GPs warned over prescribing beyond their competence as hospitals shift workload

GPs must resist pressure to prescribe medication outside their competence and push back against work dumped on them by hospitals, a senior GP has warned.

GPonline reported last month that GPs are facing a 'tsunami of extra work' because the COVID-19 pandemic has forced them to deliver care, tests and prescribing that would usually be carried out in hospitals.

Polling by the BMA has shown that 52% of GPs have seen an increase since the pandemic began in demands for them to carry out work that would normally be delivered in hospitals.

However, BMA GP committee member Dr Peter Holden said GPs should not be prescribing medications they are unsure about. His warning comes after he was asked by a hospital to prescribe medication to a young patient ‘on the basis of a telephone description’.

Increased clinical risk

The Derbyshire GP warned that family doctors are taking on increased responsibility and clinical risk as they pick up work dumped on them by hospitals.

He said: ‘The hospitals know damn well that the patient is piggy in the middle. If they ask me to prescribe an antibiotic, of course that’s within my capabilities. But if they want me to prescribe something weird, and rare and wonderful, it’s not and you shouldn’t.

‘What you can’t get past is the fact that whoever signs the prescription carries the responsibility for that prescription, its follow-up and its monitoring - and you must not do it if it’s beyond your abilities. A lot of risk is being shifted.’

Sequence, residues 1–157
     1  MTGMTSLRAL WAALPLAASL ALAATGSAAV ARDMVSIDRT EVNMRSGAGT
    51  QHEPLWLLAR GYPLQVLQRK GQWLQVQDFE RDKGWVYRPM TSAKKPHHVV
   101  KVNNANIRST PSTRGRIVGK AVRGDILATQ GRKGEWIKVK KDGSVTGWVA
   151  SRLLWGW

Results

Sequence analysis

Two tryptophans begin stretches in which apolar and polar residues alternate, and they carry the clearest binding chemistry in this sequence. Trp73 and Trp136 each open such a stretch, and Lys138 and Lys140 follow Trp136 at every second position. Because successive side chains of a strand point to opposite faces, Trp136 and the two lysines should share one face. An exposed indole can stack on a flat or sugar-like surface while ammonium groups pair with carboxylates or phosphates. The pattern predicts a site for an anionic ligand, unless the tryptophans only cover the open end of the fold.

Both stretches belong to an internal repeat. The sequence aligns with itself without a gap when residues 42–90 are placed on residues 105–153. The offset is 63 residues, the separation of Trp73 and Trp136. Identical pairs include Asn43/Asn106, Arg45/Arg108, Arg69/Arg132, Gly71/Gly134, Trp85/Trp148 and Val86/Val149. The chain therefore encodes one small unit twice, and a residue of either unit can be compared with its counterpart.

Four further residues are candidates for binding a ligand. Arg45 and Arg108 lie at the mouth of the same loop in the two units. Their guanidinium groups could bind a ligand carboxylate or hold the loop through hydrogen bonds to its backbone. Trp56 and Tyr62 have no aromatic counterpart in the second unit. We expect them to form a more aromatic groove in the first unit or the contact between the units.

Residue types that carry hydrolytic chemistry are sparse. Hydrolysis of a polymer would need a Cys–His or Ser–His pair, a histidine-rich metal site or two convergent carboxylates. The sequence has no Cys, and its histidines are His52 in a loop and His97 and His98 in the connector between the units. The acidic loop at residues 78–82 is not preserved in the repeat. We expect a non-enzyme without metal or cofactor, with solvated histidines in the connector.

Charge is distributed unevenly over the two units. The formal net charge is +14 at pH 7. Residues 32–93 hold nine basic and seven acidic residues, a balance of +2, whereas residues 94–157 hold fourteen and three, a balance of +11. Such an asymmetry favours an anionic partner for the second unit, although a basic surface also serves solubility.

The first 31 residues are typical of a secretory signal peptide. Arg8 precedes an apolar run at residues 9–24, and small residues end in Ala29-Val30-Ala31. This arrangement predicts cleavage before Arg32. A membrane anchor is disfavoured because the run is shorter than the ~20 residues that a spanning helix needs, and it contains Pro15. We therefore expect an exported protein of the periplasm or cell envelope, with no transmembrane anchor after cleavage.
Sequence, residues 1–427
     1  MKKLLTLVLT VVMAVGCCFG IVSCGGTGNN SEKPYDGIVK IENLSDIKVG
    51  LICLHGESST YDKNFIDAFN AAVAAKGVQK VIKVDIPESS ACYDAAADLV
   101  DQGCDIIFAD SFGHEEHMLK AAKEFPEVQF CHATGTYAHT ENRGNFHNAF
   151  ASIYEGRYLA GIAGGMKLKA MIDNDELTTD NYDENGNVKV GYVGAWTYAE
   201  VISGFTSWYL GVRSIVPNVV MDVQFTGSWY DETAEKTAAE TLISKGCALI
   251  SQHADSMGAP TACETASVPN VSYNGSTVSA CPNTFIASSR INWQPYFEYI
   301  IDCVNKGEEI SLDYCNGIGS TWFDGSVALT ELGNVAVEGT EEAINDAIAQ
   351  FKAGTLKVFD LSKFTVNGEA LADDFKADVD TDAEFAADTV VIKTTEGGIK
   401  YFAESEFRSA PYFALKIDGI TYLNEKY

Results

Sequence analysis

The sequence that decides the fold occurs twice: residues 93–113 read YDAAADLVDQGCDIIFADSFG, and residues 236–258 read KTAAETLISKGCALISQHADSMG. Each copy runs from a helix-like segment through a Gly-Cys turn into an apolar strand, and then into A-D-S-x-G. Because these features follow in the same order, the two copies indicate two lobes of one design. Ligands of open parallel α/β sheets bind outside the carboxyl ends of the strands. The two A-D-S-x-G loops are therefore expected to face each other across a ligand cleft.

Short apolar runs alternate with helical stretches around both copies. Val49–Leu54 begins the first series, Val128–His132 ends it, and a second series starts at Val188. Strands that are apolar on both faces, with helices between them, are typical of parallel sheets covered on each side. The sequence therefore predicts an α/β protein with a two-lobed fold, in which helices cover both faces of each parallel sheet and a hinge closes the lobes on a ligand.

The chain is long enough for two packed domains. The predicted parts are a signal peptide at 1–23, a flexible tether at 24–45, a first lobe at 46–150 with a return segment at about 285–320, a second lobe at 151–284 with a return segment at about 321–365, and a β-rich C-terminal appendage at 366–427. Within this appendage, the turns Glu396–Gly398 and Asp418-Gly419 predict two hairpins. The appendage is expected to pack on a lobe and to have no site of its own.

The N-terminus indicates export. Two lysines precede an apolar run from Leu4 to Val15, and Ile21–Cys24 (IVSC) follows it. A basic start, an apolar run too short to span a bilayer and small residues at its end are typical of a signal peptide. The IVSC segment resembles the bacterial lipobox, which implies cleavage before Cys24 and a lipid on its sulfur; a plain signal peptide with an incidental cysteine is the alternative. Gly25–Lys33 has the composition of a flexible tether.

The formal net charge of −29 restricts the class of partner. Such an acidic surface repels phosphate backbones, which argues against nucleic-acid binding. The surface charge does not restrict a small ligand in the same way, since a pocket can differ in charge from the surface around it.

Dr Holden questioned why hospitals were unable to send electronic prescriptions to chemists, or put prescriptions in the post - asking why GPs had to get involved.

GP workload

Doctors' leaders have long campaigned against workload dumped on GP practices by hospitals. The BMA has warned that 15m appointments a year are lost to work inappropriately transferred from hospitals.

Dr Holden said it was vital for GPs to push back against a rise in workload passed on from hospitals during the pandemic, saying that practices had to be ‘properly resourced’ if they took on extra work.

‘There’s a very real need to say no to work because otherwise what’s happening is that the hospitals are taking the tariff but aren’t delivering the goods. Meanwhile, the GPs are delivering the goods at their own personal expense.

'We are not mainstreaming [secondary care work] without a properly negotiated, properly resourced, and properly rewarded contract.'

Risk of harm

In April, the Medical Protection Society (MPS) called on the government to introduce emergency laws to protect doctors making difficult decisions about patient care during the coronavirus pandemic.

MPS medical director Dr Rob Hendry said many doctors had been required to depart from established duties during the pandemic. He said: ‘We have reassured GP members that if they are carrying out additional NHS work due to COVID-19 or are asked to work in a different NHS clinical setting to normal, they do not need to inform us.

‘If, however, a doctor is asked to perform a duty that they would not normally undertake they need to assess whether they have the skills and competence to proceed and be willing to seek professional advice and clinical supervision from colleagues if necessary.

‘If they do not feel it is safe to proceed and that to do so would place the patient at greater risk of harm than not undertaking the duty that has been requested, they should explain their concerns to a senior colleague or manager. ‘It would be wise to record the details of this deliberation in case it becomes necessary to explain the reasoning behind the decision to act or not to act in the future.’

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